Egypt, Iran Walk Sectarian Tightrope
By: Ahmad Abdelfattah Translated from As-Safir (Lebanon).
During the press conference with his Egyptian counterpart Mohamed Kamel Amro, Iranian Foreign Minister Ali Akbar Salehi was all smiles as he confirmed that the ice that covered the relations between both countries would soon be melted.
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Foreign ministers for Egypt and Iran met in Cairo, but an anti-Iran conference overshadowed the event and cast doubts on the strength of the relationship, reports Ahmad Abdelfattah.Publisher: As-Safir (Lebanon)
Cairo: Conference for Supporting the People of Ahwaz .Against Persian Occupation”
Author: Ahmad Abdelfattah
First Published: January 11, 2013
Posted on: January 11 2013
Translated by: Sahar Ghoussoub
Meanwhile, tension flared between the two countries during the conference titled "Support for the Ahwaz People," which was held in Cairo yesterday [Jan. 10] against what the conference organizers called "the Persian occupation of the Ahwaz Arab land."
Since the arrival of the Muslim Brotherhood to power, Egypt and Iran have been experiencing on-off tension in their relations, especially following the speech of Egyptian President Mohammed Morsi at the Non-Aligned Movement (NAM) Summit that was held in Tehran last year. Morsi confirmed that Egypt will remain the protector of Sunni Islam in the world.
However, the relations between the two countries are likely to take on a new turn following the recent controversial conference in Cairo that coincided with Salehi's visit to Egypt.
A swift reading of the timing of the visit and the conference shows that the conference organizers were keen to take an opposing stance to that of the authorities. This stance was adopted by political Islam groups — such as the Salafists and al-Gamaa al-Islamiyya — independently of the Muslim Brotherhood.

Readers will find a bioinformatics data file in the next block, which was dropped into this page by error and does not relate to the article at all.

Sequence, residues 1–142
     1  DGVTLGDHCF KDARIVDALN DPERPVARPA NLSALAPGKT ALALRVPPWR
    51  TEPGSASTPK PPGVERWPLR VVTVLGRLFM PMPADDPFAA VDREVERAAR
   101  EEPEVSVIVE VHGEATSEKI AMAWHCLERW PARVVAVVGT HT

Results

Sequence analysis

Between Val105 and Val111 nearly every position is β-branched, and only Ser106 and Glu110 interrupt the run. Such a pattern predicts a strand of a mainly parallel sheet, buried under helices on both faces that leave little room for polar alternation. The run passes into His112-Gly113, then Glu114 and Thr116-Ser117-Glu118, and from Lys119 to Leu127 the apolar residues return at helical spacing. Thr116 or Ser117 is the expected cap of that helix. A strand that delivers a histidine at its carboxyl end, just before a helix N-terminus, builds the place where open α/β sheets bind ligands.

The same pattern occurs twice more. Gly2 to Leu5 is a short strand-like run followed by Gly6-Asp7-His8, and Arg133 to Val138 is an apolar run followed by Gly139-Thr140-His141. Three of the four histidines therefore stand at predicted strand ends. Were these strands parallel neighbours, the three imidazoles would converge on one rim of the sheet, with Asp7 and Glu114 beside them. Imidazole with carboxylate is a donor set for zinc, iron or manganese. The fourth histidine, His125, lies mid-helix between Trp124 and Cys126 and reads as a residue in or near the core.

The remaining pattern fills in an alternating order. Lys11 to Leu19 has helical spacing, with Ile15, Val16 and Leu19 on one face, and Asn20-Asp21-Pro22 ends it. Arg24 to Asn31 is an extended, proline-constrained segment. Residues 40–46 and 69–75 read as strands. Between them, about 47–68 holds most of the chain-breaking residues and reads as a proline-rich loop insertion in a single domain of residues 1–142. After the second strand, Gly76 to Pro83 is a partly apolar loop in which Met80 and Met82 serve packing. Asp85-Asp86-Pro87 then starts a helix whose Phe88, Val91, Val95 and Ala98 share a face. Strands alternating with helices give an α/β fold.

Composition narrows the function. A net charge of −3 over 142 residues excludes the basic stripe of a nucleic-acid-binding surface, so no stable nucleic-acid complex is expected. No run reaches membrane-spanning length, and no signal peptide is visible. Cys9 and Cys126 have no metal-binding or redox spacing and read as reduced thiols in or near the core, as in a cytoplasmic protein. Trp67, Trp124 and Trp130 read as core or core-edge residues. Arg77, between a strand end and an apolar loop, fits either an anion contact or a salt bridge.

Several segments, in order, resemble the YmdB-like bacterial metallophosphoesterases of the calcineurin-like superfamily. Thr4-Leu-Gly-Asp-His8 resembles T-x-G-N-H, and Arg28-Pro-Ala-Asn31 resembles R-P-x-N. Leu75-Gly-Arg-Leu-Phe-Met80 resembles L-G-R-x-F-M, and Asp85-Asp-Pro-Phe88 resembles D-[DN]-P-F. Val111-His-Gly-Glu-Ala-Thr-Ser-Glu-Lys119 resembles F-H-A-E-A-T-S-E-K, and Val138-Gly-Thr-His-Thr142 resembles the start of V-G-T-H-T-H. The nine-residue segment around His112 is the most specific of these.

In order to begin to assimilate the message behind this conference, it should be known that the conference organizers and attendees are affiliated with Salafist groups. The conference included representatives of Al-Azhar Mosque, the World Islamic Coordinating Council, the Ahwazi "Justice" movement, the Forum of Muslim Scholars, and the International Humanitarian Institutions Union, in addition to the Egyptian Reform Party and the Building and Development Party, the political arm of the Gamaa Islamiya.
However, the most surprising thing was the presence of Emad Abdel Ghafour, the president's assistant for community outreach (a Salafist). This suggests that while the Egyptian regime exchanged words of praise with its Iranian counterpart, it has been sponsoring the opposing conference behind the scenes.
In his speech, Abdel Ghafour called for this conference "to be the launching pad for supporting the cause of the Arab people in every neighboring Arab country against the Persian occupation."
"We raise our voices not only in the names of Arabs but also in the names of Sunni Kurds and Ahwaz people who have been subjected to great injustice. While some countries raise the banners of justice, we seek more than that. We want to show our support for the oppressed."
In a statement to As-Safir, Abdel Ghafour denied any link between the date of the conference and the timing of the Iranian foreign minister’s visit to Cairo, and confirmed that it was a coincidence and that the conference was scheduled before Salehi's visit.
Saudi preacher Mohammed al-Arifi, who delivered a speech, claimed that Iran benefits from 90% of gas resources and produces more than 87% of the Ahwaz oil and exports it to the world. "Iran used the Ahwaz oil to fight Muslims, the Islamic ideology and the Koran," he added.
The conference has overshadowed Salehi's visit. During his meeting with Salehi at the headquarters of Al-Azhar in Cairo, Ahmed al-Tayeb, Sheik of Al-Azhar addressed the "call of help" he received from Sunnites in Iran, claiming they do not enjoy their basic rights and their right to practice their own traditions and culture, according to the rights of minorities set forth in the Islamic law and other international laws.
Salehi demanded "full rights of Sunnis in Iran," confirming that Al-Azhar rejects Iranian intervention in Bahrain's internal affairs.
In light of these tensions, questions remain about the future of Egyptian-Iranian relations. This is true in spite of a report by The Times (of London) on existing security cooperation between the Muslim Brotherhood in Egypt and the Iranian regime in order to learn a lesson from Iran’s experience in controlling security forces in the wake of an Islamic revolution.
Will these conferences deepen the gap between the two countries, or will the Egyptian-Iranian relations thrive in the upcoming periods?
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